Time and again corporates have raised funds, and one such route of raising money is pledging shares.
In the past, several corporates, including Vedanta and United Breweries, have raised capital by pledging their shares.
So, what is share pledging and how does it work?
Here, share pledging refers to promoters pledging their shares. In essence, it means promoters take a bank loan, offering shares in a company as collateral.
“The terminology is typically used in fundraising parlance, when promoters of a corporate entity pledge their shares to raise funds as debt for the organisation, or for any other funding needs, be it personal or for investing in any other businesses,” Nirav Karkera, Head of Research, Fisdom, told Moneycontrol.
“Pledging shares is often viewed by promoters as an effective way to monetise the value of their shareholding without ceding associated control,” he added.
In other words, pledging is another fund-raising mechanism.
Do promoters continue to earn dividends on the pledged shares?
Despite the shares being pledged, they will continue to be held in the name of the promoter, which means he/she will maintain ownership and continue to receive dividend payments while they are pledged.
How is the value of the pledged shares determined? Do the parties have an agreement about the value of pledged shares?
The value of the pledged shares changes with the value of the shares as a result of market fluctuations.
Meanwhile, the lender and borrower enter into a contract, which pens the value of the collateral, based on the market price of the securities. This value, mutually agreed between both parties, must be maintained by the promoters.
“The central bank has issued guidelines on the same, with the directive typically allowing for a 50 percent loan-to-value. Such an exercise of lending against securities is done basis a contract entered by the shareholder and lender,” said Karkera.
If the value of the pledged shares (collateral) declines and falls below the amount stipulated, the borrower will need to increase his/her collateral either by bringing in more cash or by adding more shares to the already pledged ones, explained Punit Patni, Equity Research Analyst, Swastika Investmart.
In the event the borrower fails to pay the collateral value, the lender has the option of selling the pledged shares or making up the difference in value.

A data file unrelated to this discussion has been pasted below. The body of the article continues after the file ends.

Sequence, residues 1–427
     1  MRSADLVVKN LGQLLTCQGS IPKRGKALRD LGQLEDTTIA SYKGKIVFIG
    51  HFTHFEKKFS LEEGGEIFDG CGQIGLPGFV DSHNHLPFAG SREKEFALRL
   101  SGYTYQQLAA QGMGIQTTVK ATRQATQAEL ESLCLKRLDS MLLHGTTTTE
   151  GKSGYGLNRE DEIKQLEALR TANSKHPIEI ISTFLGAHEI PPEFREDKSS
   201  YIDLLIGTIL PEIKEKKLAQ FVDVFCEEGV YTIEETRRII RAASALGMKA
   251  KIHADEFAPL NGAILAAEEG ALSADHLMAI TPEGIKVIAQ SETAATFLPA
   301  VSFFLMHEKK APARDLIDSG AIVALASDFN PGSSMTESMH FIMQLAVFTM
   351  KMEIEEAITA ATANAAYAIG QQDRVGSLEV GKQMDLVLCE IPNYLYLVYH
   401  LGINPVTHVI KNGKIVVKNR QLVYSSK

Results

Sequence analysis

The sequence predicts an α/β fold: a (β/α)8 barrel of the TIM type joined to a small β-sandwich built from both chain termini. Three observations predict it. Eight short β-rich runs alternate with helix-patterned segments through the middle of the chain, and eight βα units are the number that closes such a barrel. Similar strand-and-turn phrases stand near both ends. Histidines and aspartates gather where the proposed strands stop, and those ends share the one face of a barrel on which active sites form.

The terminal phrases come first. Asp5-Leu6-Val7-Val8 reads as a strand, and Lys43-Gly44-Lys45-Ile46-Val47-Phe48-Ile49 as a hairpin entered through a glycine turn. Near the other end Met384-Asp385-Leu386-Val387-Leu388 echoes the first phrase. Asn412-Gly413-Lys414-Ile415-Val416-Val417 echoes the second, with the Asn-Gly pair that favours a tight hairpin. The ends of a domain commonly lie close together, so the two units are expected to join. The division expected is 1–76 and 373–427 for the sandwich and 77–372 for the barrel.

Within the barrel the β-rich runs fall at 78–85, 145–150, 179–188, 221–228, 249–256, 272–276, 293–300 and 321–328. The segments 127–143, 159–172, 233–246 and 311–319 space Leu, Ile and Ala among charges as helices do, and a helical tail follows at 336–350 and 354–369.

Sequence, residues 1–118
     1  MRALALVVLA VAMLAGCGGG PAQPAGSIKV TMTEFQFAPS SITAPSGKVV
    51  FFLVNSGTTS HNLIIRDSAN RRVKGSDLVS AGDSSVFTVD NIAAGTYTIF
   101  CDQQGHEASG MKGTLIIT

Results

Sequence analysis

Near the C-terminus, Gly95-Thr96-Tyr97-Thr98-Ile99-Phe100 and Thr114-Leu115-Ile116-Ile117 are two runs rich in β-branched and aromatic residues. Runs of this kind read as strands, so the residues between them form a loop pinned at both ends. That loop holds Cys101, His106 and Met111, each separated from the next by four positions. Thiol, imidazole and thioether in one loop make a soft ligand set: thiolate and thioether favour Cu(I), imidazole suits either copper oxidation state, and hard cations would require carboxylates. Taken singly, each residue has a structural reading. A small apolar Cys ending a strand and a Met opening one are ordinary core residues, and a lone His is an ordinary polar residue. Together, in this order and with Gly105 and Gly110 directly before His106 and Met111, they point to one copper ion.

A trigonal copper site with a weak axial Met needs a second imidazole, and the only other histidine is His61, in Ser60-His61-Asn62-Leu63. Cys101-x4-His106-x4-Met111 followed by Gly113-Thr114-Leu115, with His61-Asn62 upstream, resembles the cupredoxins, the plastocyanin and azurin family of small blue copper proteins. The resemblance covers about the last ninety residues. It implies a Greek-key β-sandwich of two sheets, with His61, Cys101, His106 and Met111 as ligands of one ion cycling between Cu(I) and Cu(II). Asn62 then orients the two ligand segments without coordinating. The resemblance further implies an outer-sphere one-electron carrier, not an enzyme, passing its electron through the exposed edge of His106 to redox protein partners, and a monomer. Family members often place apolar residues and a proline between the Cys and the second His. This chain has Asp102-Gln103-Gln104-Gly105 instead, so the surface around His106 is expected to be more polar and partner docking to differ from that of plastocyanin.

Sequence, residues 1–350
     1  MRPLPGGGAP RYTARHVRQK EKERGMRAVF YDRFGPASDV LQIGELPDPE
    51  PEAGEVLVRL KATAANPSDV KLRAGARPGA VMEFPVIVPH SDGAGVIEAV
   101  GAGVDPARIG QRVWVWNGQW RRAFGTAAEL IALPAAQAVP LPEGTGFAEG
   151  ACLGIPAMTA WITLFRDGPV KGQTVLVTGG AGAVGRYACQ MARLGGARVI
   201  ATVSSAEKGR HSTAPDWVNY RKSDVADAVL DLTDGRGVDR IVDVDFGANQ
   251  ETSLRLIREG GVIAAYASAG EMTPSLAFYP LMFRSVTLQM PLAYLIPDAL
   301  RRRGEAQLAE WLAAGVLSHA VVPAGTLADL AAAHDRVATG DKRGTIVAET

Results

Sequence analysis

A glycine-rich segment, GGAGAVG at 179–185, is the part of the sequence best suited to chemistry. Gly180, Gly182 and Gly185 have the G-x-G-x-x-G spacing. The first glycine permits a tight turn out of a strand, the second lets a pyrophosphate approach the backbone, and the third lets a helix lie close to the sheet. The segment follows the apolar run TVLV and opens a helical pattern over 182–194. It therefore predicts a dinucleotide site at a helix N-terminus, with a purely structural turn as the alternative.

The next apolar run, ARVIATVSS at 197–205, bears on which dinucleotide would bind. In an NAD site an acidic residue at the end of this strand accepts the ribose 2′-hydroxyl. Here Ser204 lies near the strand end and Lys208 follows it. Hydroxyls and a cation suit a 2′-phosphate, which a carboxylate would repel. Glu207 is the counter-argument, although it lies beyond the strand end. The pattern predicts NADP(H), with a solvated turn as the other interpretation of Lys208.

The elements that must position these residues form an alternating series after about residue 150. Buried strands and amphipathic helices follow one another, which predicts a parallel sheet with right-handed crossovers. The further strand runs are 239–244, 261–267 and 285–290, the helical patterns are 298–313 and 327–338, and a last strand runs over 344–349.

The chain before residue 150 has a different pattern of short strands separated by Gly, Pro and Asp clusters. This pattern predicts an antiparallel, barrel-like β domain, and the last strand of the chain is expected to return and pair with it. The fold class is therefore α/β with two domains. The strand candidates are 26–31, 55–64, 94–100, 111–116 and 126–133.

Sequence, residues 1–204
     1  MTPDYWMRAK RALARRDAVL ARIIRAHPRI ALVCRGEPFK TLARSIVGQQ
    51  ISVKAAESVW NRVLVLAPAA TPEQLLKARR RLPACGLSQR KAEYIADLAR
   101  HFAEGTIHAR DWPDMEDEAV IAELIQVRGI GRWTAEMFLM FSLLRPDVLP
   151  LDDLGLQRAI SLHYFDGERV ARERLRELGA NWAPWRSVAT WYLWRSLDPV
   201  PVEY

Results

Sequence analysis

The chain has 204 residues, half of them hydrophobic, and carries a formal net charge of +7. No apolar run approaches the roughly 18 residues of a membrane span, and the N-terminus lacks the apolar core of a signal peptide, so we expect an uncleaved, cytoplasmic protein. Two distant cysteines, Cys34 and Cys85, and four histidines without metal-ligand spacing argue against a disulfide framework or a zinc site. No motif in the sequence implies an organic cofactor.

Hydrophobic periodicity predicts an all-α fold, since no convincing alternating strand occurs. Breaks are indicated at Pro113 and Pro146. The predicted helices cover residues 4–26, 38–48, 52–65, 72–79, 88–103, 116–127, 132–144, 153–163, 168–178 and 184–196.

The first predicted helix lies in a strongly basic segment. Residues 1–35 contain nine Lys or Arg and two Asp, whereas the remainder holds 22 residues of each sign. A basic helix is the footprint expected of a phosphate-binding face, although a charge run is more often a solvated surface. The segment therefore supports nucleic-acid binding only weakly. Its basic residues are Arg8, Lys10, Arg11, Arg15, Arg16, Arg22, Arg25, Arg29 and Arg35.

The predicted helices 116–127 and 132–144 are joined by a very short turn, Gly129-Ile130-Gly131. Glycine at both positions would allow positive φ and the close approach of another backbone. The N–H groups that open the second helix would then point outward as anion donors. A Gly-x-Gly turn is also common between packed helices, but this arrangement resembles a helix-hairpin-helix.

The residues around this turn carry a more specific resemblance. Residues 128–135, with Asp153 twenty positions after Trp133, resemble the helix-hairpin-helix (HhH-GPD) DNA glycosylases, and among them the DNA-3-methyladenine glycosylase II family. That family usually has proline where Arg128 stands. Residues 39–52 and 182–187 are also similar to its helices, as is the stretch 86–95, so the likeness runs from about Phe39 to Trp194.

What happens if the lender is unable to repay?
In case of a default, there will be a loss of control or ownership because the lender can sell the pledged shares to recover its loan.
What are the advantages and disadvantages of pledging shares?
A key positive of share pledging is that it offers the borrower quicker access to funds at relatively lower rates of interest, as compared to an unsecured loan.
“Such a transaction is especially beneficial to a promoter seeking to translate shareholdings into liquid cash without ceding ownership and associated rights,” Karkera said.
The main disadvantage of share pledging lies in the risk to shareholders.
If the borrower fails to repay the loan then the lender has the option of selling the pledged shares in the open market. In case the quantity of pledged shares being sold is significant, the share price of the company is likely to be affected, which, in turn, could trigger a selling spree by other investors as well.
Is share pledging for fundraising good or bad and what does it signify?
Share pledging can be good or bad depending on the situation and the context of the loan.
“Pledging of shares merely signifies that the promoter is seeking to raise funds for a purpose and is unable to or unwilling to fund the same through cash up front or any other form of loans. In such a case, inability warrants caution while unwillingness warrants investigation,” Karkera said.
The main source of wealth for promoters is usually the value embedded in their shares and the dividends they earn every year from the company. So, ambitious promoters usually try and monetise their shares in key companies to fund new ventures.
However, according to Patni, “In case the company in question is financially strained, and its shares are pledged for personal use or investment in any other promoter ventures, it is considered a red signal for the stock.” In the past, some promoters have pledged the shares of poorly performing companies and used the share pledge route as a back-door exit from the stock.Similarly, some promoters pledge their shares to raise funds to buy back shares and increase their shareholding in the pledged company, which is seen as a positive and could prompt investors to buy the stock.